A media outlet here in Australia has released what it says are the 20 recommendations made by the Expert Panel on Religious Freedom chaired by the Hon Philip Ruddock. The Report itself was delivered to the Government in May 2018, but has not officially been released. Apparently the Government is planning to release the Report at the same time as announcing its official response.
The main issue which has generated controversy during the last week, in which there was a selective leaking of some of the recommendations, were proposals dealing with the rights of religious schools to take into account the sexual orientation of students in certain areas. The changes proposed were not radical changes to the existing law, but were presented as such when first publicised. In this post I want to briefly set these recommendations in context and offer my preliminary response.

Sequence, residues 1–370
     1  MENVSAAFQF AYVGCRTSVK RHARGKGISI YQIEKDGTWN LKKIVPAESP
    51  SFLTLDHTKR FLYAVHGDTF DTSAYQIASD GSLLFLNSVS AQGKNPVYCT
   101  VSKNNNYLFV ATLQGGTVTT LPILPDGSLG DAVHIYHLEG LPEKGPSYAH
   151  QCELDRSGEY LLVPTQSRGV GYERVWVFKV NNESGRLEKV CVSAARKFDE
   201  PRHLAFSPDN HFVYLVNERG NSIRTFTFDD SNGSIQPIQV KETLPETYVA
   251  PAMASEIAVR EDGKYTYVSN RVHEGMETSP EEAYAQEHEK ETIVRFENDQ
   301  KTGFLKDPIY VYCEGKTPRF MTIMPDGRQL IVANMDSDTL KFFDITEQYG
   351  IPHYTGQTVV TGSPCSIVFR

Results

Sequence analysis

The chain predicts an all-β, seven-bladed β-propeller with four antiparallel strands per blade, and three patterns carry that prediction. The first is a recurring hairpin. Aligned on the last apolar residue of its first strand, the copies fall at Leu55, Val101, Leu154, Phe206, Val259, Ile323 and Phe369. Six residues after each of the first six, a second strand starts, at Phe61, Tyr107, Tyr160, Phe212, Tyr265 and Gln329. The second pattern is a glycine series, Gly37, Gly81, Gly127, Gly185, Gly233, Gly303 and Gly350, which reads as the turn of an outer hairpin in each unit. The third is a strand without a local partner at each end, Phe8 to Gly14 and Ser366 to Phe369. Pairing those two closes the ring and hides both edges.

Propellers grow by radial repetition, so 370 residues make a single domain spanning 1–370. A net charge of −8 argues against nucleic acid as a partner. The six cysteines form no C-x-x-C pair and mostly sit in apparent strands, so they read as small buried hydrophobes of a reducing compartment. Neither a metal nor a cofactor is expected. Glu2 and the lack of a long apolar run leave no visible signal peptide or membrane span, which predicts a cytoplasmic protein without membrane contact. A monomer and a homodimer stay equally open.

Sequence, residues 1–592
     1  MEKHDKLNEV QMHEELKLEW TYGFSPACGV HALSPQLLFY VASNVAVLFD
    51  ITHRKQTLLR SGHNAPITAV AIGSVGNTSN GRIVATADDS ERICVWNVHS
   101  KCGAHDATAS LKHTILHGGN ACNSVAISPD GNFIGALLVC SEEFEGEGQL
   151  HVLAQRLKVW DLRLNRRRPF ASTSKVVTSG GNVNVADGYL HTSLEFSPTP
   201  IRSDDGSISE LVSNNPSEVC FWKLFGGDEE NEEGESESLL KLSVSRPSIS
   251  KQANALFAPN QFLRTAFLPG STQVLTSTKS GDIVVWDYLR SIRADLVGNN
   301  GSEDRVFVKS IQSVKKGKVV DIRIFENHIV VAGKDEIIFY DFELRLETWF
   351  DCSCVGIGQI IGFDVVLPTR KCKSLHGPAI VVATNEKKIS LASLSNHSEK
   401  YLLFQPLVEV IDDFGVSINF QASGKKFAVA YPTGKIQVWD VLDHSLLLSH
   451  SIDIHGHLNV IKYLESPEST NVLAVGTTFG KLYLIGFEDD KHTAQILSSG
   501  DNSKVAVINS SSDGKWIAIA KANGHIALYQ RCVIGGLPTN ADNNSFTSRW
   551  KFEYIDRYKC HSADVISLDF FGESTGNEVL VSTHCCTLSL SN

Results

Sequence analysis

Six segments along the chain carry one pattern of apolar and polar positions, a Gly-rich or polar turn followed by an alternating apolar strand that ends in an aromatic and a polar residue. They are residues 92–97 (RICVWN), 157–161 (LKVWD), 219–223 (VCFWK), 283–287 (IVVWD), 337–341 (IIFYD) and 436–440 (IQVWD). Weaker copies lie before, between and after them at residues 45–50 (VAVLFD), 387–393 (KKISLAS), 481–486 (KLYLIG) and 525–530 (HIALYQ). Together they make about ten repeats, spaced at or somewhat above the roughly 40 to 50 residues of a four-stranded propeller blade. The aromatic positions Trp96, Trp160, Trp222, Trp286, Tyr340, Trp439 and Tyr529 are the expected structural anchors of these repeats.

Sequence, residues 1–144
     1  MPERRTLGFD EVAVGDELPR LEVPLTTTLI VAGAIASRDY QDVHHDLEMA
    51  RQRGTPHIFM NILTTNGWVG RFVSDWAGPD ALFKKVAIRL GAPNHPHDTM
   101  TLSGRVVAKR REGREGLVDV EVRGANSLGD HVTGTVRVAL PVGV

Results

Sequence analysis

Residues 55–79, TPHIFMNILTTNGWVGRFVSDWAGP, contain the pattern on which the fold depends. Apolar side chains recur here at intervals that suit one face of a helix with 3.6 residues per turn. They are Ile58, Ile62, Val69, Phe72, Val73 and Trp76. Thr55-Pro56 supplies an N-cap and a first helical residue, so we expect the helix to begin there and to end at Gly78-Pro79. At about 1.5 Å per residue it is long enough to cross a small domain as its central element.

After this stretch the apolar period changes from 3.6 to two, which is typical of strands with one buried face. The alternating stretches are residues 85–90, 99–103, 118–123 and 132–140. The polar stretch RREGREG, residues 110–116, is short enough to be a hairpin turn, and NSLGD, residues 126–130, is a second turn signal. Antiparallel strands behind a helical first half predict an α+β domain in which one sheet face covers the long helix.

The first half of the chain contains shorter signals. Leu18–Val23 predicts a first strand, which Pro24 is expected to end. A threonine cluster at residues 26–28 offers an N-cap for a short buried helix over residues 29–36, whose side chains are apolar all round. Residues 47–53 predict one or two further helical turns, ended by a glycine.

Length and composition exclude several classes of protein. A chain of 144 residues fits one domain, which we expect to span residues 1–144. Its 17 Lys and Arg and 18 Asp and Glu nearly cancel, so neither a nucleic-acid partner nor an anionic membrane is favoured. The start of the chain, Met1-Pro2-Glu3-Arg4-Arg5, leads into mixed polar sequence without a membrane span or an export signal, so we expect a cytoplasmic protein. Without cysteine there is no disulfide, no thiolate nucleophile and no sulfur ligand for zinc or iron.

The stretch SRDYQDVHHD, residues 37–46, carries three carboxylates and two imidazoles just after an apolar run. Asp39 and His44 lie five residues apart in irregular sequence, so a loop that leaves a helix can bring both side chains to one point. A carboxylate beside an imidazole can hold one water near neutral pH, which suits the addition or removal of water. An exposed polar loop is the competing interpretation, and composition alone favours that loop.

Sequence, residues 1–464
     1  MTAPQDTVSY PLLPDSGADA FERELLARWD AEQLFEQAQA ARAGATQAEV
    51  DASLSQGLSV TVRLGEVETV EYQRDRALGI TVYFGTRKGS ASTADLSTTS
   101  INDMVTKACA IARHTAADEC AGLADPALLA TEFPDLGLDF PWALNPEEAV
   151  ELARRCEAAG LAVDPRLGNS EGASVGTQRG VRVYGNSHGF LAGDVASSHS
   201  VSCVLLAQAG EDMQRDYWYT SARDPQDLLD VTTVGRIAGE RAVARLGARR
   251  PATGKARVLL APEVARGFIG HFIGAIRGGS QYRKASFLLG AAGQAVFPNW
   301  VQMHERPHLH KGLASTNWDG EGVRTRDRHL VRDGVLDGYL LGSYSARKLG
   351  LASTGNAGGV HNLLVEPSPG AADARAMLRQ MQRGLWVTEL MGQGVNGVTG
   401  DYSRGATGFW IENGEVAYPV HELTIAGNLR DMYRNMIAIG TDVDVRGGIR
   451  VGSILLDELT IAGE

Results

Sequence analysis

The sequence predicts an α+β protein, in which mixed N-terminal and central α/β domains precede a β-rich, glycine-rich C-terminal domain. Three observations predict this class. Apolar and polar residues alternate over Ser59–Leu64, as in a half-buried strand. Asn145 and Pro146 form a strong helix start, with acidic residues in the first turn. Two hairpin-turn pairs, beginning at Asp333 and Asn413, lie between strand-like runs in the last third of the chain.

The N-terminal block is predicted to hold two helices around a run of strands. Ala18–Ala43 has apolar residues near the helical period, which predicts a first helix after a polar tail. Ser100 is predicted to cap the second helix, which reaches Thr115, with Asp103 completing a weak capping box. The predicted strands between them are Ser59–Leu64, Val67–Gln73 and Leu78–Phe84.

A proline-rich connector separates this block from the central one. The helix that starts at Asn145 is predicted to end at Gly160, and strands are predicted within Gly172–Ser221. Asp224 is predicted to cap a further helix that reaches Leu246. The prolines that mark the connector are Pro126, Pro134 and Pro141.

An extraordinary claim before the Victorian Civil and Administrative Tribunal recently, Secular Party of Australia Inc. v the Department of Education and Training (Human Rights)  VCAT 1321 (27 August 2018), alleged that a child at a public school should be prevented from wearing Islamic religious garb in the child’s own interests! Thankfully the claim failed, but the fact that the case could even be argued illustrates the pressure that some groups on society are placing on parents and children of faith.